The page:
My article yesterday about Lactate Training sparked some good debate and questions on Facebook. Justin Rippy of Athlete Genesis had some good comments that I wanted to bring to everyone’s attention and comment more specifically on.
First, he asked what I felt the most effective way of training the aerobic system for a power athlete would be. To which I replied:
“Justin, it depends on the athlete and sport. “Power athletes” is way to vague. How much aerobic capacity does a powerlifter or olympic lifter need vs a soccer player or a football player? What about the position on the field? If all you do is run back kickoffs, then I don’t need you to have as much of an aerobic capacity (since you will do one high intensity effort and then rest for the next 8-10min) but if you are an every down receiver who runs the go route all the time (like Randy Moss) then you will need more of an aerobic capacity. See what I am saying? Everyone wants a simple formula of “do this on Monday and that on Tuesday”. It isn’t simple like that! You need to actually sit down and think about training and what sort of adaptations you are trying to bring out.”
Then Justin posed the following question/statement:
I very much agree with your post, I’m just seeing it from a neurological perspective. Very few athletes ever recover to that ‘normal’ state where neurologically all muscles are capable of fully lengthening against load. What I’m saying is that in training we often stress someone maximally to create adaptation. Recovery has always been viewed as more of a submaximal stimulus, whether it be during a training session or between training sessions. What if we were to look at a new paradigm where we stimulate the recovery systems of a person maximally, as opposed to just the mobilizers. What happens to a human being when their recover systems become so strong that there’s almost nothing that can be thrown at them they can’t recover from? Then hrv always stays high and we enter into an adaptive state where many of the negatives of training disappear (soreness, inflammation), allowing high neuroplasticity and rapid adaptation to any stressor. In my experience, this ability to recover is a much more general trait to train within every human being.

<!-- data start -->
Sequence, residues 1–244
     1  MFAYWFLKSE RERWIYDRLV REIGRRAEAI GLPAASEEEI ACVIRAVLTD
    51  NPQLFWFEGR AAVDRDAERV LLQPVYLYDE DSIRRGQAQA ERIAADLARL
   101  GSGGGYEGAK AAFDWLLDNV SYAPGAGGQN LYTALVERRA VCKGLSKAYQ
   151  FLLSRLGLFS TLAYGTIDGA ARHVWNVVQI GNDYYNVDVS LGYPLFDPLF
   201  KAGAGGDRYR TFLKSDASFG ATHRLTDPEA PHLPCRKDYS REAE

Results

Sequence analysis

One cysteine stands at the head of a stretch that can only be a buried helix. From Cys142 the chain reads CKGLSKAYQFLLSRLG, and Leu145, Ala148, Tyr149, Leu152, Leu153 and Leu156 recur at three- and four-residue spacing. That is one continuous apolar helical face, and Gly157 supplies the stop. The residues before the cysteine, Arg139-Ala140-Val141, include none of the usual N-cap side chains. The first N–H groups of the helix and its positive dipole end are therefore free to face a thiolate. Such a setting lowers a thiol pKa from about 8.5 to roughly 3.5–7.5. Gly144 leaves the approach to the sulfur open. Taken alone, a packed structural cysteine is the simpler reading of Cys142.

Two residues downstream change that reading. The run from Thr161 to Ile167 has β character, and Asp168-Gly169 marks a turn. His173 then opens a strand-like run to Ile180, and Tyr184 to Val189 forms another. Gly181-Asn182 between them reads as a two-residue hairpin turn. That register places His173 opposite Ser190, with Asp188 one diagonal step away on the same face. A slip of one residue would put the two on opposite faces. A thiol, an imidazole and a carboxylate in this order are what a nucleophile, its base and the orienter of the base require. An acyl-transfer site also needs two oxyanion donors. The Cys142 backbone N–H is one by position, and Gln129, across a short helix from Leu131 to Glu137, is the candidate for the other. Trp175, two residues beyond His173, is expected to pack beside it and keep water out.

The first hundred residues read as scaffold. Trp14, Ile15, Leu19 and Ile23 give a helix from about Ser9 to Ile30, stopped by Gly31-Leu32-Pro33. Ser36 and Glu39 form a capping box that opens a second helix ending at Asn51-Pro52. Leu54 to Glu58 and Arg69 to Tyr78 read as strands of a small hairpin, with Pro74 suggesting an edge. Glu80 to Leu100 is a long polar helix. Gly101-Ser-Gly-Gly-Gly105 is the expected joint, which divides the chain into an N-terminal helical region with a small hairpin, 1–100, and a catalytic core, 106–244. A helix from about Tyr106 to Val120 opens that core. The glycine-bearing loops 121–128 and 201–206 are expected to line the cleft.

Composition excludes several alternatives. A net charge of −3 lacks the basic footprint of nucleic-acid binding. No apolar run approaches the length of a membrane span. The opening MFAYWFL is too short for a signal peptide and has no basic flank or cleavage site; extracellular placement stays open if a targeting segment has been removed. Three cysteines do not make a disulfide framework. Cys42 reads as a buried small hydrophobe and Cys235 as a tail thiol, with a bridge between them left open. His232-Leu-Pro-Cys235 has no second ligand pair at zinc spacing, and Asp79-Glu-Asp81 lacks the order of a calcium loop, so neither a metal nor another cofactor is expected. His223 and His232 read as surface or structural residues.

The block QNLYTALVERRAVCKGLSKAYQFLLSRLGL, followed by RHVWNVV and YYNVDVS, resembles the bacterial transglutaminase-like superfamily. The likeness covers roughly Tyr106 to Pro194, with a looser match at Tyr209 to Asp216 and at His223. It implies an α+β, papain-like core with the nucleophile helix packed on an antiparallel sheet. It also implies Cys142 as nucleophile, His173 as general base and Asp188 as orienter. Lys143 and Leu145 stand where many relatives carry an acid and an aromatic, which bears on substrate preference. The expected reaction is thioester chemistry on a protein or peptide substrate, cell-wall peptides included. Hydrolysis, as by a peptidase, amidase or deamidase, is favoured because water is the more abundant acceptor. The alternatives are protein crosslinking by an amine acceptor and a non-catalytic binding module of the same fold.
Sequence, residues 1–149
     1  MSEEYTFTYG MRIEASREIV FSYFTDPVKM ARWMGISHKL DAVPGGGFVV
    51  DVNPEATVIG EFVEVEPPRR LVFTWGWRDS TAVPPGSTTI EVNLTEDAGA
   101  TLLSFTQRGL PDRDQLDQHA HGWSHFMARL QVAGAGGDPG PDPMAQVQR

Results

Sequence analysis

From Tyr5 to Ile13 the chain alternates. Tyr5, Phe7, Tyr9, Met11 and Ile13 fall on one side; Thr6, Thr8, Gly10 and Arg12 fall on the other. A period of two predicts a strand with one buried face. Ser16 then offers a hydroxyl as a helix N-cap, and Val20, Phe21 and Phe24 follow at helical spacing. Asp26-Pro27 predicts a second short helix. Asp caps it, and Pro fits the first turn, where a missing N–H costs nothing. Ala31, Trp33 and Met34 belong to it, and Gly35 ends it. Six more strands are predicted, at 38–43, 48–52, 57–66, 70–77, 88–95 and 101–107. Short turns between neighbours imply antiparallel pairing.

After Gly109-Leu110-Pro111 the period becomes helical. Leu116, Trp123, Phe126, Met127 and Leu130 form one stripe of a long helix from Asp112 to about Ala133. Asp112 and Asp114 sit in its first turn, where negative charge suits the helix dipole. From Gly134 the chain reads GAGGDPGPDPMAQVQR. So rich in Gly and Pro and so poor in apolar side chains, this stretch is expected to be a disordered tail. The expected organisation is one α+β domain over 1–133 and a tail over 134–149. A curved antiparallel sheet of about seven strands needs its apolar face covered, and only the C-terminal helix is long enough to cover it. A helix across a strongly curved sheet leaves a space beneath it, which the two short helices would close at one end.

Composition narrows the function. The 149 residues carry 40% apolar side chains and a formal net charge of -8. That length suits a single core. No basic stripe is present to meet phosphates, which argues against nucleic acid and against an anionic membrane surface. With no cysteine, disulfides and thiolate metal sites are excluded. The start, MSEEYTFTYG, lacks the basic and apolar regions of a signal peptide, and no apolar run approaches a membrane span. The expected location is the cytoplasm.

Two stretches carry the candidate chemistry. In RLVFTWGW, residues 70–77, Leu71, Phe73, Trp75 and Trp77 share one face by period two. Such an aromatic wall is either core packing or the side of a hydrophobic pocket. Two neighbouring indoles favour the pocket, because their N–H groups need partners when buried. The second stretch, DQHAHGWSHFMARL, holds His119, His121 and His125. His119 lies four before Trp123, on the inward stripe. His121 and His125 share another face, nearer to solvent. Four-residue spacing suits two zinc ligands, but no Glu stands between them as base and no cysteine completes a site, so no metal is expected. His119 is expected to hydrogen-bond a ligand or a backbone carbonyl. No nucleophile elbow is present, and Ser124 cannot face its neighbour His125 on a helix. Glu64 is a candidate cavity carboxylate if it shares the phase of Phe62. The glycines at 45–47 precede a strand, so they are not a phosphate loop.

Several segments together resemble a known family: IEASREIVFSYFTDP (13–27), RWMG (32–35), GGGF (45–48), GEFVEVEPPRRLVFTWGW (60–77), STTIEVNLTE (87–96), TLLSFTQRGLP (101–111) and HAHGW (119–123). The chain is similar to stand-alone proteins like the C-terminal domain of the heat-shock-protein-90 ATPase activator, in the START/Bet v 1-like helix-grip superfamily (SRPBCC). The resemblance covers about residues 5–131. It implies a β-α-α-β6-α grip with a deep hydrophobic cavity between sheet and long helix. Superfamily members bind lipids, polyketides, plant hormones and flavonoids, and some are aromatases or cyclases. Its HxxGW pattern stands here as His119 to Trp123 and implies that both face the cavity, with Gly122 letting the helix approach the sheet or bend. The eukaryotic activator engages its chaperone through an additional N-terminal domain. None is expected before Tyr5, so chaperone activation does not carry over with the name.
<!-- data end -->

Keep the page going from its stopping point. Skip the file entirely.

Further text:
Justin, you have some interesting comments. I think I know where you are going with this but I choose to explain things differently.
The goal of training is not necessarily to stimulate the recovery system but rather to disrupt homeostasis and allow the body to recover and make adaptations. What you are describing is the resiliency of the body to bounce back from stressors applied to it. This is what I refer to as the Physiological Buffer Zone. I discussed this concept briefly about a year and a half ago when I talked about my Theory on Movement Reserve. I also go way more in depth on this concept as well as programming ideas in the DVD I did with Charlie Weingroff and Joel Jamieson, which should be coming out in October (I’ll update the blog when it comes out).
In a nut shell, three things make up my physiological buffer zone:
1. Good movement
2. High level of stress resistance
3. High level of fitness